CSS Solved Environmental Science Past Paper 2022 | What are the potential environmental impacts of China Pakistan Economic Corridor (CPEC)?
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The examiner expects you to provide a detailed analysis of the possible environmental effects of the CPEC project. You should discuss various aspects of the project that could impact the environment, including the construction of infrastructure projects such as roads, dams, and power plants, as well as increased vehicular traffic, air pollution, water contamination, deforestation, and loss of natural habitats. You should also explore the potential impact on natural resources, such as soil erosion, water scarcity, and biodiversity loss. Your analysis should be supported by relevant data and examples, and you should also discuss the implications of these impacts on the local population and the broader ecosystem. Finally, you should also consider potential solutions or mitigation measures that could address these environmental impacts and promote sustainable development.
2-Historical background of CPEC
3-Potential Environmental Impacts of CPEC
- ✓Coal- based projects of CPEC
- ✓Deforestation in search of better infrastructure
- ✓Natural habitat destruction and resettlement of social sector
- ✓Industrialization with unsustainable development
- ✓Vehicle traffic and deteriorating air quality
- ✓Environmental degradation and negatively influenced health sector
- ✓Risk of natural catastrophes
4-Policy makers and future of CPEC in relation with environmental destruction
Answer to the Question
The China-Pakistan Economic Corridor (CPEC) is a pathway that will bring economic sustainability to the wider Eurasian region. The CPEC includes US$62 billion in investment projects for Pakistan’s infrastructure, energy, and other development initiatives. However, owing to its three potential environmental concerns and implications, CPEC could enhance climate change vulnerabilities for the faltering economy of Pakistan. It is estimated 74% of investment was allocated to energy-based projects specifically coal-based projects. Since the CPEC intended to address the issue of the energy economy, the Pakistani government was initially highly optimistic about coal projects. Over time, it has become clear that conventional coal power stations emit smog and CO2 emissions, which are the main causes of climate change and global warming. The second major environmental concern is deforestation in search of better infrastructure and road networks from Kashghar, China, to Gwadar, Pakistan. Industrialization and vehicle traffic is another potential environmental threat posed by CPEC that is directly linked with millions of tons of carbon emission. Along with these threats, there are some other impacts are also associated with CPEC and its projects. Despite the potential climatic threats, CPEC enables Pakistan to cope with its energy crisis and deteriorating infrastructure. However, reports suggest that if effective remedial measures are not taken now, it will push Pakistan toward an even worse situation in near future. The reason, it is essential to assess the potential ecological effects of CPEC projects including transportation, infrastructure, and energy. In addition, scientists from both states should collaborate to regulate the consequences of CPEC projects on the environment.
Historical background of CPEC
CPEC, or the China-Pakistan Economic Corridor, is a colossal infrastructure and development project that aims to connect China’s western region with the Arabian Sea port of Gwadar in Pakistan. The project officially launched in 2015, but its roots could be traced back several decades. China and Pakistan had close diplomatic and economic ties since the 1950s when Pakistan was one of the first countries to recognize the People’s Republic of China. In the 1960s and 1970s, China provided significant military and economic assistance to Pakistan during its wars with India. The idea of a larger economic corridor between China and Pakistan gained momentum in 2013, when Chinese President Xi Jinping announced the Belt and Road Initiative (BRI).The CPEC is one of the flagship projects of the BRI. The CPEC has been a controversial project, with some critics in Pakistan expressing concerns over the country’s growing economic dependence on China, as well as issues related to transparency, environmental impact, and local participation in the project.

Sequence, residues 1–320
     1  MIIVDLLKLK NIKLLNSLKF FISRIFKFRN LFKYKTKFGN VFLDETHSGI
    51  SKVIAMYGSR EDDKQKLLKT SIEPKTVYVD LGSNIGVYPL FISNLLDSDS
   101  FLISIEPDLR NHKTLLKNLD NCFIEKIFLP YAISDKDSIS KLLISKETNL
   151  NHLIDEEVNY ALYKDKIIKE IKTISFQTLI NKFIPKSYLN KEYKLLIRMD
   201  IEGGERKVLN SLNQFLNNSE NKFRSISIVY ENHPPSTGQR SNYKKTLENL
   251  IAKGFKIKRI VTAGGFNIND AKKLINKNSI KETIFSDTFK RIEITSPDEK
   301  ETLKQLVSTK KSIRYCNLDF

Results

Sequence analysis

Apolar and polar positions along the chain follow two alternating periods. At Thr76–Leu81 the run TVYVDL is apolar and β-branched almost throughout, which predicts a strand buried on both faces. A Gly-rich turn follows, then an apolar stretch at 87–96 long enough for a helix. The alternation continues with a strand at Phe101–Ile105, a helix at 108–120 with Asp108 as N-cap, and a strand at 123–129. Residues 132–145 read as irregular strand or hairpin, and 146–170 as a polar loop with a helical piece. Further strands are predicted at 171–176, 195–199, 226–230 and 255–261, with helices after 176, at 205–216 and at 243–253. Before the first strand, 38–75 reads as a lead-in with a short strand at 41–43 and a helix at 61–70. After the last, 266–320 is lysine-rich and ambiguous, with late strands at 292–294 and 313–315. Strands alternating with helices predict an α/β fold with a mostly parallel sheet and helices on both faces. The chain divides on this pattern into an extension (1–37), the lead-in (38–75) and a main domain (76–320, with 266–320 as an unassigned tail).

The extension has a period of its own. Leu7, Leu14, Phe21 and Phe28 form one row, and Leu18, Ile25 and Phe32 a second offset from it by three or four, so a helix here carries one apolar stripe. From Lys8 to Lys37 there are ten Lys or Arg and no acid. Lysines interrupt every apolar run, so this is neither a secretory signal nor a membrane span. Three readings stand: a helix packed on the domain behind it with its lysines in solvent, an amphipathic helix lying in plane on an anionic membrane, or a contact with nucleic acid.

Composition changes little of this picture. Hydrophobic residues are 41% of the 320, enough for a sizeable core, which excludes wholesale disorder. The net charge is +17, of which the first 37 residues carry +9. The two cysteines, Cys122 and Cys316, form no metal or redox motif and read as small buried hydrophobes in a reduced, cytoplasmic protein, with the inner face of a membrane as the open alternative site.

Potential Environmental Impacts of CPEC
(CPEC) is a massive infrastructure project that has the potential to cause significant environmental impacts in the region. Some of the potential environmental impacts of the CPEC are:
- ✓ Coal- based projects of CPEC
The CPEC has allocated US$33 billion to 19 energy projects in Pakistan, intending to address the country’s energy crisis. However, this has raised concerns over the environmental impact of these projects, particularly those related to traditional coal-fired power plants. Approximately three-quarters of the newly planned energy will be generated from such plants located in Sindh (Thar-I and Thar-II coal power plants), Punjab (Sahiwal and Salt Range coal power plants), and Balochistan (Hub and Gwadar coal power plants) provinces. Coal-fired power plants are known to be major contributors to CO2 emissions and smog, which can cause global warming and acid rain, respectively.
- ✓ Deforestation in search of better infrastructure
One of the major environmental concerns associated with the CPEC, is the extensive cutting down of trees for the construction of road networks in Pakistan. In 2017, more than 54,000 fruit and non-fruit trees were cut in districts including Abbottabad, Nowshera, Lower Dir, Swabi, Mardan, and Malakand. Trees play a crucial role in mitigating the risks of climate change by absorbing up to 50 pounds of CO2 per year. The massive deforestation has resulted in the failure to absorb seven million pounds of CO2 in these districts in 2017, which is still accumulating in the atmosphere. These districts are already facing high risks of climate change, including increased temperatures, droughts, soil erosion, untimely rains, and glacier melting, which ultimately lead to extreme flooding and other disastrous conditions.
- ✓ Natural habitat destruction and resettlement of social sector
Another significant environmental concern associated with the CPEC is the destruction of natural habitats and the resettlement of the local population. The construction of various infrastructure projects, such as roads, dams, and power plants, has resulted in the displacement of numerous communities in Pakistan. This has caused significant disruption to their social and economic lives, as well as to the local ecosystems. In addition, the loss of natural habitats has led to the decline in the populations of various species of plants and animals, causing imbalances in the local biodiversity. Furthermore, the resettlement of the affected communities has led to the loss of traditional livelihoods, cultural heritage, and social networks, causing various social and economic issues.